Authors: Medea Badashvili*, Tbilisi State University
Topics: Migration, Gender
Keywords: family relationship, gender roles in family, migration, agency, identity
Session Type: Paper
Start / End Time: 5:00 PM / 6:40 PM
Room: Council Room, Omni, West
Presentation File: No File Uploaded
This paper examines the processes of changing the life of Georgian migrants and the members of their families after migrating to the US.
Labor migration in Georgia started in the 1990s, after the collapse of Soviet Union, as a result of the difficult economic and political situation in the country, which have led to the highest levels of out-migration from Georgia. According to the last World Bank data, approximately 23 percent of Georgia’s population lives below the official poverty line. Economic crisis have been exacerbated by political turmoil and violent conflicts in Abkhazia and South Ossetia.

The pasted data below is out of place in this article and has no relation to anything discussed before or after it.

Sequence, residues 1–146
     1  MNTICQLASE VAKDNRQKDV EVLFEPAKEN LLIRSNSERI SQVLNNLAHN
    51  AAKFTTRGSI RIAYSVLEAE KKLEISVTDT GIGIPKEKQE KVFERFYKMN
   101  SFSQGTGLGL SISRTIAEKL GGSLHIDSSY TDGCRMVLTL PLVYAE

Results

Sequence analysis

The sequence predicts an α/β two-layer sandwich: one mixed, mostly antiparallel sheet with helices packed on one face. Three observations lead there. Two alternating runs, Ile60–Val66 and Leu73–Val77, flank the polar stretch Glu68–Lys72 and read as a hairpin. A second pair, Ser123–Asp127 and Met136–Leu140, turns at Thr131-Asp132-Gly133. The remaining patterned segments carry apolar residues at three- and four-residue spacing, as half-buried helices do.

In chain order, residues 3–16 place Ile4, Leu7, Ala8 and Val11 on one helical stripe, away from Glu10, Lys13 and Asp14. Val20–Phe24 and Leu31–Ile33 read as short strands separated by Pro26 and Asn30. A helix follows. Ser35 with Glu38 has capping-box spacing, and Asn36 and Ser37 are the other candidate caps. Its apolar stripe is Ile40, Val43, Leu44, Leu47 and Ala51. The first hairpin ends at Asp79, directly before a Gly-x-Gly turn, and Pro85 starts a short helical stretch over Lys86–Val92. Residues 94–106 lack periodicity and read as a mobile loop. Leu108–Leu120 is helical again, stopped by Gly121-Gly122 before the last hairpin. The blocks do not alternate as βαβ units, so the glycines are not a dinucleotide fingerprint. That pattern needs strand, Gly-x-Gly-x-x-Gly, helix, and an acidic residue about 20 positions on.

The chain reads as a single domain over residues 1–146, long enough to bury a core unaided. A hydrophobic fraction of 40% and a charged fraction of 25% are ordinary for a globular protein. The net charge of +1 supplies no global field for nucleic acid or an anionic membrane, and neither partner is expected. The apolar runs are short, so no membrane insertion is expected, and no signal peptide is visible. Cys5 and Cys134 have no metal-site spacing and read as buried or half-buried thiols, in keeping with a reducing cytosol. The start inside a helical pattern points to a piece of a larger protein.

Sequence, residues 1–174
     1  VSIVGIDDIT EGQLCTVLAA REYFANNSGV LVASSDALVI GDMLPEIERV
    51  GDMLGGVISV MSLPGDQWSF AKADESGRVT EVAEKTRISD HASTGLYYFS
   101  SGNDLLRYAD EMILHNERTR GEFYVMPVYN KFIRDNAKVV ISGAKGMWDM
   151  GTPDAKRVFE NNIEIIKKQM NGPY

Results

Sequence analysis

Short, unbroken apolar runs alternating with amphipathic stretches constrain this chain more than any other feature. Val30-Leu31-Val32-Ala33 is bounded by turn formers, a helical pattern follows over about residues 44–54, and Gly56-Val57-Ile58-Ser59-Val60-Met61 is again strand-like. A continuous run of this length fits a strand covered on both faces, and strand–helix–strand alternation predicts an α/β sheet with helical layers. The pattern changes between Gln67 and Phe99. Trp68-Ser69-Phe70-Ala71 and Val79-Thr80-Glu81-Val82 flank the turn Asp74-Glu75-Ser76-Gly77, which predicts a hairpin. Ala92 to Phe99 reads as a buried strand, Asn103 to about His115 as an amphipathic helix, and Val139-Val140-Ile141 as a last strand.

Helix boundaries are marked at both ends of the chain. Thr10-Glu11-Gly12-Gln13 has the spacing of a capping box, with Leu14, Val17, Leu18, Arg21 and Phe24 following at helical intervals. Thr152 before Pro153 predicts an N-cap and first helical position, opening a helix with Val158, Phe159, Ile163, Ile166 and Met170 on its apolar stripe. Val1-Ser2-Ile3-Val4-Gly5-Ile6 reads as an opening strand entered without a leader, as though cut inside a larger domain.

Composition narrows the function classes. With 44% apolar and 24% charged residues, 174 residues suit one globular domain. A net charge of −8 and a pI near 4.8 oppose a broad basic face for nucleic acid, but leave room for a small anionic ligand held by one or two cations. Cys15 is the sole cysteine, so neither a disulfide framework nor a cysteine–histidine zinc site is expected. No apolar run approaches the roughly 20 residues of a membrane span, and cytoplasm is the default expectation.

During the first years of the Georgian independence, labor migration from Georgia consisted predominantly of males and was directed towards Russia. A decade later, female labor emigration form Georgia started to increase, indicating the demand for domestic jobs at the global market. Accordingly to the recent studies, the most interesting countries are EU countries, Turkey and North America, where women generally perform babysitting work, care-giving, nurse, saleswomen, and waiters. Surprisingly, more women than men migrate from Georgia.
The present paper is based on a quantitative and qualitative research, conducted with labor migrants from Georgia, living on the east coast of the US, describing migrant’s life in a new social environment.
The research illustrates the changes of their lifestyle underwent in several important areas, such as: the family structure and family relationships; the level of integration and their social life; agency and identity.